2010 Dalton Alma White Blend and Lemon Rosemary Roasted Chicken
This past week I was waffling on which white wine to open to pair with my wife’s awesome lemon and rosemary roasted chicken, which has become comfort and easy to make food for the both of us. I do go through my own mood swings in relationship to chicken and poultry, but this week I was on and truly enjoyed it as always. Along with the chicken we also enjoyed some fresh green salad and a blend of brown/red/black rice. Given the menu I wanted a solid white wine that could keep up with the chicken and rice. I was looking at opening the Dalton Viognier or the Dalton Alma, and since I had more of the Alma I opened one for the weekend.
The Haruni Family started the Dalton Winery in 1995, in the Napa Valley of Israel in the Upper Galilee. Within the massive Upper Galilee, a few areas are starting to gather fame, such as the vineyard from which Dalton sources its grapes — Kerem Ben Zimra, Yarden’s El-Rom, Ortal, and Katzrin vineyards, and Gailil Winery’s Yiron vineyard. The vineyard and winery are located minutes from each other, which is usually a great benefit to the winemaker and winery, as the winery can truly source and crush the grapes when they have reached optimal maturity. However, when there is a war going on, and that war is in your backyard, you wish you were miles away. In July and August of the year 2006, Lebanon and Israel were engaged in a bloody battle. It raged on for 34 days, before a cease fire was declared. With the winery and vineyard overlooking Mount Hermon, almost spitting distance from the Lebanese border, the winery was in the direct line of fire.
Dalton was the hardest hit amongst the Galilee wineries, but was still able to source and crush all of its grapes within a week of the cease fire. The actual damage was not nearly as bad as the winery’s inability to prune and manage its vineyard, which caused some of the vineyards (the Chardonnay especially) to fall victim to disease and hungry wildlife. However, the winery was blessed with a bountiful harvest that easily made up for the war’s collateral damage.
The Dalton Winery, near Kerem Ben Zimra, is set in the beautiful green, mountainous country of the Upper Galilee, five kilometers from the Lebanese border, overlooking Mount Hermon. Dalton is the only winery situated in this area, and can boast that it is one of the few wineries in Israel that is estate bottled, located minutes from all its vineyards. Established in 1995, Dalton is one of the few family owned wineries in Israel. The Haruni family moved from London to Israel with the vision of developing industry in the long neglected area of the Upper Galilee. Dalton started with humble beginnings in a back yard in Moshav Kerem Ben Zimra, producing 20,000 bottles of white wine. Today Dalton produces close to 600,000 bottles, of premium and super-premium reds and whites, in its state-of-the-art facility.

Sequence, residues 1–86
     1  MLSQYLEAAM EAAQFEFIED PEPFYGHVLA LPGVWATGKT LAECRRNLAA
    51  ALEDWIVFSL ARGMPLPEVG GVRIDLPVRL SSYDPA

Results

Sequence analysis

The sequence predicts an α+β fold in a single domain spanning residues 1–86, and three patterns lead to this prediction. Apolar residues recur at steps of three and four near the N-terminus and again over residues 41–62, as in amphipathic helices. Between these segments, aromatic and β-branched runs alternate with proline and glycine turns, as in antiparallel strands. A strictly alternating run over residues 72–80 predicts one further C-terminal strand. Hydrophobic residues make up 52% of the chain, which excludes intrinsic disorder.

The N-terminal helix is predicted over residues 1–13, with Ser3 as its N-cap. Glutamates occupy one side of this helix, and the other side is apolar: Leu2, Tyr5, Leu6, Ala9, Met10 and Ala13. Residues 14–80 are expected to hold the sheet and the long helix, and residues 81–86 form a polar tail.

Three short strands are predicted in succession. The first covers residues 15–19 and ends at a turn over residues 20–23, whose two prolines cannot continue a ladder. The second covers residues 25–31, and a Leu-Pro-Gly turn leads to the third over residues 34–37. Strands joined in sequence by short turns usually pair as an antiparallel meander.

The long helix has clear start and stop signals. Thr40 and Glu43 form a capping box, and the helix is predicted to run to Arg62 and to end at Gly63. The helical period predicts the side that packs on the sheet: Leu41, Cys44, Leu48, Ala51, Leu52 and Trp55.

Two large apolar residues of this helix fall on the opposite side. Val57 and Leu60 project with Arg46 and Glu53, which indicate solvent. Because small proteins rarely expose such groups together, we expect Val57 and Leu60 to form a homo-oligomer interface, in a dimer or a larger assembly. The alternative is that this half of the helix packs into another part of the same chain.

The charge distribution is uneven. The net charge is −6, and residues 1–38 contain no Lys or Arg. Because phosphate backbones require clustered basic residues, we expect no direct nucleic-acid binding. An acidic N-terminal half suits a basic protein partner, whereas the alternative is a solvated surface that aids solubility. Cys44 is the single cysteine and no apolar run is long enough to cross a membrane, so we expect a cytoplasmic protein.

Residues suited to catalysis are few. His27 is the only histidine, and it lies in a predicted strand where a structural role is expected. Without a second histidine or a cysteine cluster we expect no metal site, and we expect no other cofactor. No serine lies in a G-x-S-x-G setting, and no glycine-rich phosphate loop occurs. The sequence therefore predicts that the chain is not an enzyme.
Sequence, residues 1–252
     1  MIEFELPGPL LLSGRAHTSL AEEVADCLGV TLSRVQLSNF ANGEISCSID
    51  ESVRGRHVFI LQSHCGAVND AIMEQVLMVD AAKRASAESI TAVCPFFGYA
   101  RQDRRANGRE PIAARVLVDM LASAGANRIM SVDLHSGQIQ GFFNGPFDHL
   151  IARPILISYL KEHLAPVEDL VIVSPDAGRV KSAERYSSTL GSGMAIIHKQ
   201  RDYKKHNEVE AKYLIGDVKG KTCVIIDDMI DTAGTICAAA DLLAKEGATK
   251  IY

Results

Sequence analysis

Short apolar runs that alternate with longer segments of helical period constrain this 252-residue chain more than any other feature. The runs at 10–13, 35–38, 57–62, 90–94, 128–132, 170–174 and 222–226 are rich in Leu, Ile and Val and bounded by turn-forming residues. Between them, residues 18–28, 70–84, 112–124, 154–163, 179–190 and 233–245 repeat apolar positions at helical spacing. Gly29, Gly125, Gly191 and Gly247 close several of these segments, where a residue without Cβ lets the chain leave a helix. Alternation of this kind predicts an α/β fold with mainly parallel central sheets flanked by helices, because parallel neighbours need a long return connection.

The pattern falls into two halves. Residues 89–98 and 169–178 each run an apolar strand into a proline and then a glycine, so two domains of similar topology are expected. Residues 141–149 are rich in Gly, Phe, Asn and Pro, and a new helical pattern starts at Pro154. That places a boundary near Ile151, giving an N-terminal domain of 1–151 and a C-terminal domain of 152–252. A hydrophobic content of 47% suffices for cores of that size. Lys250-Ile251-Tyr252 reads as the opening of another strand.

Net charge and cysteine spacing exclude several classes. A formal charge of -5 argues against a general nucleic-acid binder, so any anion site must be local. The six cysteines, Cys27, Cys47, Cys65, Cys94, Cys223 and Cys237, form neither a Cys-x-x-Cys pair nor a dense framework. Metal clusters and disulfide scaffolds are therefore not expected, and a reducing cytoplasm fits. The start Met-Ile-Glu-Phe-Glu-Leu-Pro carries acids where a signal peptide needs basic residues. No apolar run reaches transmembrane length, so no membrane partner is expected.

Starting in 2007, Dalton made Wild Yeast Viognier that was to die for. They followed it up with a vintage in 2008 and 2009. Unfortunately, they decided to stop making this fantastic wine and instead decided to blend it into the Alma Blend. I cannot honestly tell you why they are doing this. Every wine lover that I talk with speaks highly of the earlier Viognier wines. Still, Dalton decided to blend the very Viognier, still made with wild yeast, along with some Chardonnay and attempt to make a better wine. In my humble opinion, they have moved backwards. This wine was nice and clearly has yet to find its true self, but it is in no way a wine that I would score in the same league.
I hope that the Viognier comes back and that they find something to do with the Chardonnay they blend in. Until then, try a bottle of Alma and tell me what you think.
The wine note follows below:
2010 Dalton Alma White Blend – Score: B+
The nose and mouth of this wine act in equal proportions to its blend. The wine is a blend of 66% Viognier and 34% Chardonnay. The wine is a real shame, personally, because it does not come close to being the hit that the pure Viognier was, and Dalton has said that they will continue with this Alma blend, and will not continue producing the pure Viognier. The wine starts off with clear Chardonnay styling, pear, oak, cut grass, and green apple. The mouth is firm and not so round with lemon, some tropical fruit, and oak, all coming together ok. The finish is long with lemon zest, cloves, and spice. Over time the wine’s real winner comes out of hiding and does what it can to help this wine. The Viognier’s obvious stamp is made with lovely floral notes, honey, butterscotch, and lychee. The mouth finally fills out and adds in peach. The finish is lovely but not complex with hints of fig and date. This wine has so much more potential separate than combines, unfortunately this is not an example of the saying: ‘The whole is greater than the sum of its parts’. In this case the whole is a less than the sum of its parts.